Geology, soils and vegetation of Blackhawk Island, Wisconsin.

J. Pastor, J. D. Aber, C. A. McClaugherty, J. M. Melillo

Research output: Contribution to journalArticlepeer-review

28 Scopus citations

Abstract

Blackhawk Island, in the Wisconsin River in SW Wisconsin, supports a wide variety of forest communities on several soil types. The soils form a gradient of moisture and N availability. Pines (Pinus strobus, P. resinosa) are dominant on sandy soils with low N mineralization and nitrification; oaks (Quercus borealis, Q. alba) are dominant on sandy clay-loams and silt loams with moderate N mineralization and nitrification, and sugar maple Acer saccharum is dominant on silty clay-loams with high N mineralization and nitrification. Species replacement along this gradient results in an increase in continuum index that is strongly related to the increase in N mineralization, nitrification, silt + clay content and P content of the soils. Two communities not on this gradient are: 1) aspen Populus grandidentata on plowed silt loam with low N mineralization and nitrification and 2) hemlock Tsuga canadensis on organic soil with low N mineralization and nitrification.-from Authors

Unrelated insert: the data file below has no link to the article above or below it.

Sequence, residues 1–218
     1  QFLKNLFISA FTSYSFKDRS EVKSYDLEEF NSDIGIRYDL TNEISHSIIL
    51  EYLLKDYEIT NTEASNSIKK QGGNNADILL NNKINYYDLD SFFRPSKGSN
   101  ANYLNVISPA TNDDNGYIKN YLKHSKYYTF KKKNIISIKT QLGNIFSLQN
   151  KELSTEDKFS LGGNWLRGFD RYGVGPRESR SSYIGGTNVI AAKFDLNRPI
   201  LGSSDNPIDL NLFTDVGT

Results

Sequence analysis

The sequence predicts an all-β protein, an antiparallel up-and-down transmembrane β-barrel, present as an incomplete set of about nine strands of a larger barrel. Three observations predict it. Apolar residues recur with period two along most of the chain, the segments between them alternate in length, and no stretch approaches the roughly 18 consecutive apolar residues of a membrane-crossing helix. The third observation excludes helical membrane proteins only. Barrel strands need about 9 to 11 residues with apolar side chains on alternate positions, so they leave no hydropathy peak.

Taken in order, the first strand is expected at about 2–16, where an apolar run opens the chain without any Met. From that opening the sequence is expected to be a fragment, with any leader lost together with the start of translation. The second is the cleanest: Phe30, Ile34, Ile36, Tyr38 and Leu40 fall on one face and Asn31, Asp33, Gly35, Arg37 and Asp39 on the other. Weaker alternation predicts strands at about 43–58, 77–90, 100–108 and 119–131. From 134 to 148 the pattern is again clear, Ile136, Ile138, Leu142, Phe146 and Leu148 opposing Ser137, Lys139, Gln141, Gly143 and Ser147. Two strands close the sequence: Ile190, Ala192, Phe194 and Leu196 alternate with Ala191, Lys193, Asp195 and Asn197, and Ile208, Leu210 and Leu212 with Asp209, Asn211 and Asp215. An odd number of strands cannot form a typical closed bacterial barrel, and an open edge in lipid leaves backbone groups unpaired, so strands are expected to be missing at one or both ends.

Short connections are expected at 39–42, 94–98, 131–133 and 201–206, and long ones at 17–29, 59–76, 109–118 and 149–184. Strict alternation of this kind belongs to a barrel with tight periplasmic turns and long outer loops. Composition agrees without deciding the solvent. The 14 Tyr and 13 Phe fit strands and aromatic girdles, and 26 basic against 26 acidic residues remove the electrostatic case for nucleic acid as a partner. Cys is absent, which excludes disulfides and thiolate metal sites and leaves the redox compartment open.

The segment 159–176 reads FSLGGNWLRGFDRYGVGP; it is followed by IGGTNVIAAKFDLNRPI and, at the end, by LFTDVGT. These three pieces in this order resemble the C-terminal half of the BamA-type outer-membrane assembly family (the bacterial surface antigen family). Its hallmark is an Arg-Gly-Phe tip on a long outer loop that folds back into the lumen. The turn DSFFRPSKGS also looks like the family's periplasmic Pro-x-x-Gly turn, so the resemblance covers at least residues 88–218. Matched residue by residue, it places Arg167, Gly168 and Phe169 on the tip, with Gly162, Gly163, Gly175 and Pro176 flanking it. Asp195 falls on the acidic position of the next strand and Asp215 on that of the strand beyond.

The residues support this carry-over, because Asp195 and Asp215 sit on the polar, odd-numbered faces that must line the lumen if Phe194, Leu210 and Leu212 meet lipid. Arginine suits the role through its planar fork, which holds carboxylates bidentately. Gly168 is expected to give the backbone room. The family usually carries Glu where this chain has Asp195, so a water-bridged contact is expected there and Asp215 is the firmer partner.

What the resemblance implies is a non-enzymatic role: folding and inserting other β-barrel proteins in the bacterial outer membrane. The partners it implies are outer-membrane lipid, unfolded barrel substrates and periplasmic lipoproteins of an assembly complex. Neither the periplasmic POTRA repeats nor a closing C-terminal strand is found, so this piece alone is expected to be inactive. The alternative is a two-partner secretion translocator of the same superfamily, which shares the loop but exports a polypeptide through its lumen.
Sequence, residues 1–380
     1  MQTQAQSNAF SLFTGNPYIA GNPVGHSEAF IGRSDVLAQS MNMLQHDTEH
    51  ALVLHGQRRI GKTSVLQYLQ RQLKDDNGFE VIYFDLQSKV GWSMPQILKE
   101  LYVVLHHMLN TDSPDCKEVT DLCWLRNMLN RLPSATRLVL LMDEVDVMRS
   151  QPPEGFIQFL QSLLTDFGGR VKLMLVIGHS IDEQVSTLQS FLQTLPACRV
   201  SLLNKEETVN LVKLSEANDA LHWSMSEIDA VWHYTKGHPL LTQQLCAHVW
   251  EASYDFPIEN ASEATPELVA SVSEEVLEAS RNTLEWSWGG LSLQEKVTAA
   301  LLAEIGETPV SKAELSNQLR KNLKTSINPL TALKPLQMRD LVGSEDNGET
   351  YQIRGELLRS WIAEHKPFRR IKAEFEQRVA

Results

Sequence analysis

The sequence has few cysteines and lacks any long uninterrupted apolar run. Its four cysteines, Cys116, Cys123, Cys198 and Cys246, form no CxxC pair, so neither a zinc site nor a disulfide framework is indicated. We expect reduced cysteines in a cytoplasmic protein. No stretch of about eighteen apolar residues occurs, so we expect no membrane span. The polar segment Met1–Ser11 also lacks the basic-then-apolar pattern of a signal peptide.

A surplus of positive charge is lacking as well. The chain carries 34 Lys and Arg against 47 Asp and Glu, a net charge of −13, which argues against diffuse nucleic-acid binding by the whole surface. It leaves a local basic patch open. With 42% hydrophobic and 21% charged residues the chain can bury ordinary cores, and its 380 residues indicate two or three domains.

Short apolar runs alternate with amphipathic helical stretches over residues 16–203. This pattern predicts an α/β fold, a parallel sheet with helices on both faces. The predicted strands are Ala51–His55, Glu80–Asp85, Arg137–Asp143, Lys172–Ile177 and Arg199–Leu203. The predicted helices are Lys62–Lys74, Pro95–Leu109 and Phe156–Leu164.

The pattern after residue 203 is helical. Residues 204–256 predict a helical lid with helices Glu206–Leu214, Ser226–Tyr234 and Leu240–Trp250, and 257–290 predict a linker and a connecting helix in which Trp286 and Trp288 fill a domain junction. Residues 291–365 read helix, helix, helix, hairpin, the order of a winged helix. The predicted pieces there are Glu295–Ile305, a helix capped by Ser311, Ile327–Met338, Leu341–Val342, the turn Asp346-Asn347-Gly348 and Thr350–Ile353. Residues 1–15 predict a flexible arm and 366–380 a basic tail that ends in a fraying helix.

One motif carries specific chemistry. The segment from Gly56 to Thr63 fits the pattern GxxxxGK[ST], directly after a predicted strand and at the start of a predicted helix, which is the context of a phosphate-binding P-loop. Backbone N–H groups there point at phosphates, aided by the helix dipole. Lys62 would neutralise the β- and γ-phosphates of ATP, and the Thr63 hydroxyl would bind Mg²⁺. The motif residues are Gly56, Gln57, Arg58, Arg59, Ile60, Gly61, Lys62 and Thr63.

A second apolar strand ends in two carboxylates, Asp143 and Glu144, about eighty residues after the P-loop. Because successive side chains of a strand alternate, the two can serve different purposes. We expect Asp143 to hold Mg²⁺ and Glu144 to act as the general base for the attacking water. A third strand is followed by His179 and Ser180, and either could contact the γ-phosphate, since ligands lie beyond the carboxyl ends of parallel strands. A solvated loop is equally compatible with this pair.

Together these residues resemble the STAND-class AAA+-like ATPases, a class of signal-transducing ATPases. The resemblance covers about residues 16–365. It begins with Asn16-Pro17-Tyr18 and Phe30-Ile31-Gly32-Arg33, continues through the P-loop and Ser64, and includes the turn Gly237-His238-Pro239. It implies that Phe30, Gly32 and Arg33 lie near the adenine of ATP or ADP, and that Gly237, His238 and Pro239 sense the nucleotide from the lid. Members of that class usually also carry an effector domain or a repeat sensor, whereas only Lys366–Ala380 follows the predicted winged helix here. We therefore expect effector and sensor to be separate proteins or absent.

Original languageEnglish (US)
Pages (from-to)266-277
Number of pages12
JournalAmerican Midland Naturalist
Volume108
Issue number2
DOIs
StatePublished - Jan 1 1982

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